A Lesson in Tongan “Ota Ika” | The Daily Dish

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A Lesson in Tongan “Ota Ika”

3 Comments | Written on August 24, 2011 at 5:00 am , by

Last night for dinner, we enjoyed a very special treat!  My Aunt Va’inga is visiting from Tonga and I asked her to teach me how to make a traditional Tongan dish.  She suggested one of her favorites, “Ota Ika.”  If you like Mexican ceviche or Hawaiian poke, you will fall in love with this flavorful raw fish preparation.


Here we are showcasing the completed dish and wearing our leis.  I even found a hibiscus flower in the garden for my hair!


Start by cubing some gorgeous pink Ahi tuna steaks.  It is easy to find here in the US and is the same fish she uses in Tonga.  She says that Mahi Mahi or Red Snapper also tastes great in this recipe.


Here Va’inga is tossing the cubed fish with salt.  We then covered the bowl with plastic wrap and put it in the refrigerator for about an hour.  In the meantime we minced the onion and peppers, juiced the lemon and prepared the coconut milk.  (More on that below!)

The dish was so easy to prepare and absolutely delicious.  This recipe for Ota Ika is fresh and bright, with the sweetness of the coconut and the bite of the hot chili pepper in perfect harmony.   


Tongan Ota Ika (click here to view and print recipe)

1 – 3/4 pound fresh Ahi tuna, diced into 3/4 inch cubes

3 teaspoons salt, divided

1/3 cup lemon juice

3/4 cup coconut milk (fresh or canned)

1/2 cup minced onion

2 minced red chilies, or more to taste

In a large bowl, combine diced Ahi tuna and 2 teaspoons of the salt.  Refrigerate for 45 minutes to 1 hour.  Add lemon juice and toss to coat.  Refrigerate for 10 minutes.  Add coconut milk, onion, chilies and 1/2 to 1 teaspoon of the remaining salt, to taste.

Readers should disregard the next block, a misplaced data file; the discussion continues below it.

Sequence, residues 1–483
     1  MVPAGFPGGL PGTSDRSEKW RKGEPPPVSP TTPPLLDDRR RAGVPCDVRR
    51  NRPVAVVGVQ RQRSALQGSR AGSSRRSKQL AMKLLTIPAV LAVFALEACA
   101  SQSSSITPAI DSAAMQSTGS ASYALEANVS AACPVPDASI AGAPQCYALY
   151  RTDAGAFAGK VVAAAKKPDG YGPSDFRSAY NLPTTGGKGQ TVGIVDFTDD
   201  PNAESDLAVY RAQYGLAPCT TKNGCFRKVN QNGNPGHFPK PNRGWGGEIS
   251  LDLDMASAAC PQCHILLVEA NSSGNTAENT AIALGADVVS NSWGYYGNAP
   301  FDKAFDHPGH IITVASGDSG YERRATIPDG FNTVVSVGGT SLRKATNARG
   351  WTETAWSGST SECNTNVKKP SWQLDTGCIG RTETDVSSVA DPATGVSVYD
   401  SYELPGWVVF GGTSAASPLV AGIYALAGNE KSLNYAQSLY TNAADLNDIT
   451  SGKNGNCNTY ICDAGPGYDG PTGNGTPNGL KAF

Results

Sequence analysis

When it comes to the coconut milk in the recipe, you have two choices:  Make it fresh or use the canned coconut milk.  The canned version is easy to find in our grocery stores, but it doesn’t compare to what Va’inga can make from scratch at home in Tonga!

Let’s play a quick round of “Guess the Gadget.”  Can you guess how this tool is used?

The bench/tool above is called a “Hakalo” and is used to grate fresh coconut meat from the shell.  Imagine straddling the bench and taking a coconut half and scraping the inside on the sharp teeth.  The shredded meat and juice fall into a bowl placed underneath.

Normally Va’inga will just pick up a fresh coconut from her backyard and make fresh coconut milk anytime using the hakalo.  Here in the US, we had to improvise!


Warning: Professional!  Do not attempt!

With a few short whacks from the back of the knife, Va’inga opened up the coconut with ease.  (I once tried to do the same and ended up having to use a hammer!  Looks like I need some practice…)


She then grated the coconut meat using the fine side of a cheese grater.  We then added a dash of Fiji Water (they are island neighbors to Tonga!) to moisten the coconut and create the milk.  We figured the unique mineral profile of the Fiji Water would best imitate what Va’inga uses at home.

Whether you use the canned coconut milk or attempt the make your own, I recommend giving this unique and delicious recipe a try.  Ha’u Kai! (Come eat!)


How to make fresh coconut milk:

Grate fresh coconut meat to make 1 – 1/2 cups.  Place in a bowl and stir in 1/2 cup of lukewarm water until the liquid looks milky.    Squeeze the coconut to release the liquid.

3 Responses to “A Lesson in Tongan “Ota Ika””

  • 1
    Tina says:

    I lalalalalove ota. But I’ve never made it before. Must try this tonight. Thanks.

  • 2
    Simon Weir says:

    When I was in Vavau I tried this in a cafe. I was also given the recipe however the local girls changed it slightly. They said that you could put whatever Vegies in it you wanted. So now I make it at home in Oz and use tomato, capsicum, spring onion, chili, as well as the fish in lemon and coconut. Is that still Ota ika or something different?
    It’s still a lovely fresh salad

  • 3
    Kristina Vanni says:

    Hi Simon,

    I will ask my aunt and see if that dish is still Ota Ika or if it has another name!

    🙂 Kristina

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